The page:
Seafood NZ’s Promise 2020 roadshow kicked off in Nelson, Australasia’s largest fishing port, last Friday.

Nelson Mayor Rachel Reese, who features in the current industry television advertisement on the importance of the seafood sector to communities throughout New Zealand, was an enthusiastic supporter.

“It is fantastic to welcome Seafood NZ back to Nelson/Wakatu,” she said in a video interview.

“Seafood NZ is a key partner for our region.

“Today I’ve been catching up with the industry, what the issues are and what concerns they have and also their aspirations.

“Every time I meet with the industry I’m really impressed with their focus on innovation, the changes they are making that are good for their business, good for the environment and achieving a real interest in careers and prosperity for our region.

“It’s a fantastic industry with great career choices. I know there will be some more work done on that and I’m really happy to support that in our region.”

Reese also had a bouquet for her local fish retailer, Guytons on Wakefield Quay.

“I’m a big fish eater. I like my fish. I’m a convert.

"It was so nice to go down to Guytons to and get our Friday fish and there it was packaged, no more plastic.

“They’ve transferred across to a sealed paper package, totally recyclable, so well done Guytons. Great result.”

The Promise campaign was launched in 2017 aimed at improving the reputation of the seafood industry and building trust with the New Zealand public.

It was backed by a Code of Conduct and the admission that while we hadn’t always got it right, we were committed to improving industry performance across a range of measures.

About 25 fishers and staff turned out at Trailways to hear from Seafood NZ chair Craig Ellison, communications manager Lesley Hamilton and Fisheries Inshore chief executive Jeremy Helson, while communications assistant Emily Pope shot video for the SNZ website.

The discussion included a review of public attitudes towards the seafood industry conducted by the Nielsen research company.

That showed that despite relentless criticism from the anti-commercial fishing lobby, there were substantial positive lifts in recognition that our fishery is sustainable and that the Quota Management System is world leading in preserving fish stocks.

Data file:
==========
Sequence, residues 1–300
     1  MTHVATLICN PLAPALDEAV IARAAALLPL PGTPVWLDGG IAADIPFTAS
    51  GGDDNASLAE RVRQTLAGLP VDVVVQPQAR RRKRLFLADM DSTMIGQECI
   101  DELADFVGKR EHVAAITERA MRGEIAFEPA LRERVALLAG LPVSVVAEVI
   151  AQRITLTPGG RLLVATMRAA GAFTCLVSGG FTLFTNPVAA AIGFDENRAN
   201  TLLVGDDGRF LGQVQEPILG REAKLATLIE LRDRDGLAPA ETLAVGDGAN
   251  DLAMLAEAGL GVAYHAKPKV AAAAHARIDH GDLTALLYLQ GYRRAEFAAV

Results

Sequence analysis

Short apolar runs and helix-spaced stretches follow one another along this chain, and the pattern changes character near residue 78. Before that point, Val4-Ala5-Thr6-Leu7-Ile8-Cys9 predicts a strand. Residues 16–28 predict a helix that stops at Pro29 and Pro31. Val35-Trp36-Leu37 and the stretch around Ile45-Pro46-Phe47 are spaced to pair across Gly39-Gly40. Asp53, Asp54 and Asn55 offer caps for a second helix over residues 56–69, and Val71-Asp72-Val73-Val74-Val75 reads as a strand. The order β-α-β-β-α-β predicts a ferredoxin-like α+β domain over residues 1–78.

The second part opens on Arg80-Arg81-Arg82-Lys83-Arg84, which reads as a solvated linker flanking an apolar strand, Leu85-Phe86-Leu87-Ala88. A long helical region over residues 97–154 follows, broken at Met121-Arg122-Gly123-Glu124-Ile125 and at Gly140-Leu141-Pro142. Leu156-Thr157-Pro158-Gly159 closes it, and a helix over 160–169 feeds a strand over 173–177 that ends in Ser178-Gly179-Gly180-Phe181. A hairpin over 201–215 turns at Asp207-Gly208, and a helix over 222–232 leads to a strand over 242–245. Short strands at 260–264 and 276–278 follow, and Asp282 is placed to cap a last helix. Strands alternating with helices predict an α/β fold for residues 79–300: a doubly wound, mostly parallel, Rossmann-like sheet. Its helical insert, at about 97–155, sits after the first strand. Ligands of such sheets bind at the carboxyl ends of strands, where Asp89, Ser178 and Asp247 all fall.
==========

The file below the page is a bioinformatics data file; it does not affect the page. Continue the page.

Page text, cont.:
Those who had seen the Promise advertisements highlighting communities, careers, innovation and marine protection were favourably influenced about the seafood industry and its contribution.

This year’s approach is turning a promise into a commitment – “we’re doing this, rather than we’re going to be doing this” – providing examples around sustainability, engagement and accountability.

This support is vital for an industry that provides employment, healthy food, substantial export returns and also a big contribution to the domestic market.

The roadshow visited New Plymouth yesterday where local fishers are facing being forced out of business if further restrictions are imposed to supposedly protect Maui and Hector dolphins.

A renewed threat management plan is currently being considered by the Government.

Significant set net and trawling restrictions are already in place, despite none of the endangered Maui dolphins being seen in the area, let alone caught.

Lively discussion included too much fish (especially snapper and kingfish) and not enough Annual Catch Entitlement, punishing deemed values, historic shelved fishing cuts termed 28N Rights and ideology subsuming science in dolphin protection at the expense of commercial fishers.

Lyttelton will be the next port of call – on April 3 at the Naval Point Yacht Club.

Then follows Tauranga on May 1 at the Sebel Trinity Wharf and Invercargill/Bluff on May 22 at Ascot Park.